LONDON/NEW YORK: Digital and social have profoundly changed the way people shop for beauty products and the response of The Estée Lauder Companies has been to develop an extensive content marketing program for all its brands.
Speaking at a recent NewsCred event, Alicianne Rand, Executive Director, Global Content Marketing at The Estée Lauder Companies Inc, outlined how the business is harnessing content, social and influencers to drive revenue and growth.
Every day the content the company produces reaches 83m people on Facebook, YouTube and Instagram – and that’s just the top 13 brands in a 32-brand portfolio – and generates 1m interactions in the US alone.
“It mirrors the way that people shop for beauty,” Rand said. (For more details, read WARC’s report: How content fuels everything at Estée Lauder.)
The content creation process begins with an understanding of consumer needs. “We spend a lot of time thinking about social listening,” said Rand. “The methodology, how we scale it, what we can learn from all of the things people are talking about online.”
This work informs not only content strategy but product innovation and how quickly products are brought to market.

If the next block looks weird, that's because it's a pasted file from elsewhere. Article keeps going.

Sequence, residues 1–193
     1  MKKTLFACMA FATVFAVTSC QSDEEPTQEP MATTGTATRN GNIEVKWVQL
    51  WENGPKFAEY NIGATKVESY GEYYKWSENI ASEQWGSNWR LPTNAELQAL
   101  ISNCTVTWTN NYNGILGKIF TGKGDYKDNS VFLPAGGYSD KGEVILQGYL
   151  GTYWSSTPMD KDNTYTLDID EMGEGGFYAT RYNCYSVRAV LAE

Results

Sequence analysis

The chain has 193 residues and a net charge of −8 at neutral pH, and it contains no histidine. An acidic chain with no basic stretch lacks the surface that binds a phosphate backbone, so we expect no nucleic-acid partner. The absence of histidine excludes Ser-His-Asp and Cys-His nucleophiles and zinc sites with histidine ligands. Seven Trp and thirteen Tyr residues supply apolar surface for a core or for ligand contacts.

Product is no longer simply created in the lab, she stressed. “Now you think about how will this product live in the world of social.
“Is it shareable? Are people going to Instagram it? Is it going to be picked up by influencers?”
These questions have to be asked because “nobody is loyal to make-up any more. People choose a lipstick here, a lipstick there, but what is fuelling this is being able to share”.
Tapping influencers is an essential part of the process, not least since their user-generated content generates almost seven times higher engagement than brand-generated content.
In an example of successfully combining social, content and product development, the MAC brand last year worked with ten influencers in different regions around the world, each creating their own personalised lipsticks and launching them at the same time.
With global synchronisation and a huge amplification strategy, the products sold out everywhere within a week, Rand reported.
Sourced from WARC